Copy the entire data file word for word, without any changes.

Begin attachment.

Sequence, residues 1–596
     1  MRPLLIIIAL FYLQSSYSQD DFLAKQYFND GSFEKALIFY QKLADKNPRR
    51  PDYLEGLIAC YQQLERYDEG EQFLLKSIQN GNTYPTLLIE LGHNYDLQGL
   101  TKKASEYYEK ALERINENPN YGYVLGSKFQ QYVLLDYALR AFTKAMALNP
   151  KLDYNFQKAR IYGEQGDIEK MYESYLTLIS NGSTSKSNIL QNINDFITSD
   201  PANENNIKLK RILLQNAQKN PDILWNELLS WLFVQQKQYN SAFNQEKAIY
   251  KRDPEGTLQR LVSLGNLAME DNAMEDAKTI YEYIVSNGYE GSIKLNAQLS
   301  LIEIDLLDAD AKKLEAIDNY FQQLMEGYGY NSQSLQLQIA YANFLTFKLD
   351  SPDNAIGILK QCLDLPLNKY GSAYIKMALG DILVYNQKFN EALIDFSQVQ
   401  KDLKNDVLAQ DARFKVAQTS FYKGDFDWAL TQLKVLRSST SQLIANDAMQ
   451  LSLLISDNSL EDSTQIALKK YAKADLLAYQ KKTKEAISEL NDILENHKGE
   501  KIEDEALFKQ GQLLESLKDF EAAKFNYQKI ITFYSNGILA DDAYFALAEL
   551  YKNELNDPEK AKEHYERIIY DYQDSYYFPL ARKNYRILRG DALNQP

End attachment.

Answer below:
Sequence, residues 1–596
     1  MRPLLIIIAL FYLQSSYSQD DFLAKQYFND GSFEKALIFY QKLADKNPRR
    51  PDYLEGLIAC YQQLERYDEG EQFLLKSIQN GNTYPTLLIE LGHNYDLQGL
   101  TKKASEYYEK ALERINENPN YGYVLGSKFQ QYVLLDYALR AFTKAMALNP
   151  KLDYNFQKAR IYGEQGDIEK MYESYLTLIS NGSTSKSNIL QNINDFITSD
   201  PANENNIKLK RILLQNAQKN PDILWNELLS WLFVQQKQYN SAFNQEKAIY
   251  KRDPEGTLQR LVSLGNLAME DNAMEDAKTI YEYIVSNGYE GSIKLNAQLS
   301  LIEIDLLDAD AKKLEAIDNY FQQLMEGYGY NSQSLQLQIA YANFLTFKLD
   351  SPDNAIGILK QCLDLPLNKY GSAYIKMALG DILVYNQKFN EALIDFSQVQ
   401  KDLKNDVLAQ DARFKVAQTS FYKGDFDWAL TQLKVLRSST SQLIANDAMQ
   451  LSLLISDNSL EDSTQIALKK YAKADLLAYQ KKTKEAISEL NDILENHKGE
   501  KIEDEALFKQ GQLLESLKDF EAAKFNYQKI ITFYSNGILA DDAYFALAEL
   551  YKNELNDPEK AKEHYERIIY DYQDSYYFPL ARKNYRILRG DALNQP